Bryan Murphy, Global Head of Banks Sales, Securities Services at Citi, sits down with industry experts to discuss how firms are approaching innovation and collaboration across the industry.
Creating a framework for innovation
Right now, the industry is facing a number of long-term headwinds. As performance continues to be elusive for active managers, many investors are rebalancing their portfolios by building up bigger allocations in more cost e-ffective passive products. This is prompting managers to seek out cost savings by pushing down fees at global custodians and brokers, which in turn is leading to these providers exerting pressure on their own sub-custodians’ fees. “The industry is dealing with a number of macro issues, including rising infrastructure and regulatory costs. With margins under pressure, banks are looking for ways to deploy technology to not only obtain efficiencies but also support clients in their innovation journeys,” says Murphy. But how can this be achieved?
Most significantly, organizations need to pursue an innovation strategy which is both holistic in nature and long-termist in outlook. “We adopt a whole-office and macro approach towards innovation. In addition, we start the process by conducting a 10 year review on what scenarios could potentially arise in the market, and assess how this might impact our core business lines, whether it is asset management or custody. This strategic roadmap must also be fully aligned with our technology roadmap. A ten-year scenario might include a prediction that a distributed ledger enabled central registry emerges, which enables clients to trade directly with issuers. I would then ask if that happens, what would Northern Trust need to invest into to get to that point?” says Justin Chapman, Global Head of Digital Assets and Financial Markets at Northern Trust.
Similarly, businesses need to create an organizational culture and framework which encourages staff to be innovative or think laterally. Sam Riley, Head of Investor Services & Financing and CEO at Clearstream Holding AG, shares that the company is making its data — which was traditionally held in silos within the Clearstream Data Layer — accessible to all staff. By doing so, he says Clearstream now has a wider talent base looking at firm-wide data, and potentially generating interesting ideas or products off the back of it.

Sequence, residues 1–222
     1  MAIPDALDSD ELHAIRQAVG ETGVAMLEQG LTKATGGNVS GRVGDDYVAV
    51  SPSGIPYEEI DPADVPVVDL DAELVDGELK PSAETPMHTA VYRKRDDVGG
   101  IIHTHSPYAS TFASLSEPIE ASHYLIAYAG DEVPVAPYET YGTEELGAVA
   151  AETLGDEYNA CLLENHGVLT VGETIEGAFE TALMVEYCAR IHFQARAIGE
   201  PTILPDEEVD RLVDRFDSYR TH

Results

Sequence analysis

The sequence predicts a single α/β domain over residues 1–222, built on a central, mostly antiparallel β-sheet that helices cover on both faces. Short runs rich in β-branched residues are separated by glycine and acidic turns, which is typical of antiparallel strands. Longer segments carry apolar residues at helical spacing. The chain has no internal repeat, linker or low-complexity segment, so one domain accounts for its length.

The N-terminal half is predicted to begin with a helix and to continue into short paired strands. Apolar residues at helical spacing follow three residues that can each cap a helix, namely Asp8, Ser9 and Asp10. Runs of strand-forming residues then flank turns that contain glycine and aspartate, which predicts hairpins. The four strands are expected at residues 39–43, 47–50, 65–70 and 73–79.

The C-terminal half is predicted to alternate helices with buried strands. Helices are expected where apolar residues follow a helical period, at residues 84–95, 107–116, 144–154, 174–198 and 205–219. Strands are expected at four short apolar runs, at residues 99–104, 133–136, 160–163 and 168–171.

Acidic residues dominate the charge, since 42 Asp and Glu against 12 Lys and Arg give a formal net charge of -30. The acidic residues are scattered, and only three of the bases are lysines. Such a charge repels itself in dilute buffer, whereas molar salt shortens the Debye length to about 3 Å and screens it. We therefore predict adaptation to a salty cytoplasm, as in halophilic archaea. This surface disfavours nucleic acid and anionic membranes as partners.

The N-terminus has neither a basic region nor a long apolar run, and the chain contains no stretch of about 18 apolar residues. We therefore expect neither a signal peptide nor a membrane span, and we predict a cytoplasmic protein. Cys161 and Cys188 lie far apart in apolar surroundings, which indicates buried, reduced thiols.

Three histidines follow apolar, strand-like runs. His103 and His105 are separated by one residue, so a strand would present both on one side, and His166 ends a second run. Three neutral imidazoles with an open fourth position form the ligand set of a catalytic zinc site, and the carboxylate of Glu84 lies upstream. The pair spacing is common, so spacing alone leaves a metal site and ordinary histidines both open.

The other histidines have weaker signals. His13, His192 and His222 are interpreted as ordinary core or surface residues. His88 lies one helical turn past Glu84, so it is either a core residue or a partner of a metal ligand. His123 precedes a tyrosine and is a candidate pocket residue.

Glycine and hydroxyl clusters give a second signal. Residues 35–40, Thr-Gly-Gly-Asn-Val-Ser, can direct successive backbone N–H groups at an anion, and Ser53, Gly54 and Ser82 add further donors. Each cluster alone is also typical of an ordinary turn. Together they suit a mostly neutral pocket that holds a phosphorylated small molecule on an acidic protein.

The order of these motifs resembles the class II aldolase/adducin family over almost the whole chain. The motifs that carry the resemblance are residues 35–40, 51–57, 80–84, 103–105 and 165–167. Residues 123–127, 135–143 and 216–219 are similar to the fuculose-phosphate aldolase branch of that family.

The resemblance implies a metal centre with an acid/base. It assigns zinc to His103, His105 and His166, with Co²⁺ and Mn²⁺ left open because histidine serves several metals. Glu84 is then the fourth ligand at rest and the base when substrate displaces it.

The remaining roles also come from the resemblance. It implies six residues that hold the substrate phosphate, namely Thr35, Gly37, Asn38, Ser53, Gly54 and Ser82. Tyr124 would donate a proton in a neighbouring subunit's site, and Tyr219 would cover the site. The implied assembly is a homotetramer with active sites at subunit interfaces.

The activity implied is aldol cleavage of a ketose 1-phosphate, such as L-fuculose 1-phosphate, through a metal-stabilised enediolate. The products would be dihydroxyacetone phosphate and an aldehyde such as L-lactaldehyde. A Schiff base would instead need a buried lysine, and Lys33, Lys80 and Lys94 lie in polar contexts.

Obtaining board-level support for innovation programmes is equally critical — not least because the board buy-in is a strong enabler for investments in research and development (R&D) and proofs of concepts (POCs). Chapman concedes this exercise can sometimes be a difficult undertaking. “The challenge we have with innovation programmes is that they are unlikely to make money in the short-to-medium term. I often have to explain that we may want to invest x millions of dollars yet the immediate return on their investment is unknown. It is not a normal business pitch,” he says.
Finding the right partnerships
Although banks and infrastructures have deep pools of resources to throw at innovation, many are engaging in partnerships with external fin-techs or even making strategic investments into their businesses. “In addition to our in-house capabilities, we have a number of co-investments in fin-techs which are solving problems by developing solutions which we do not want to build ourselves, or where we hope to bring a product to market quicker. Elsewhere, we are consciously investing into products and services, which we believe will one day become industry utilities,” says Riley.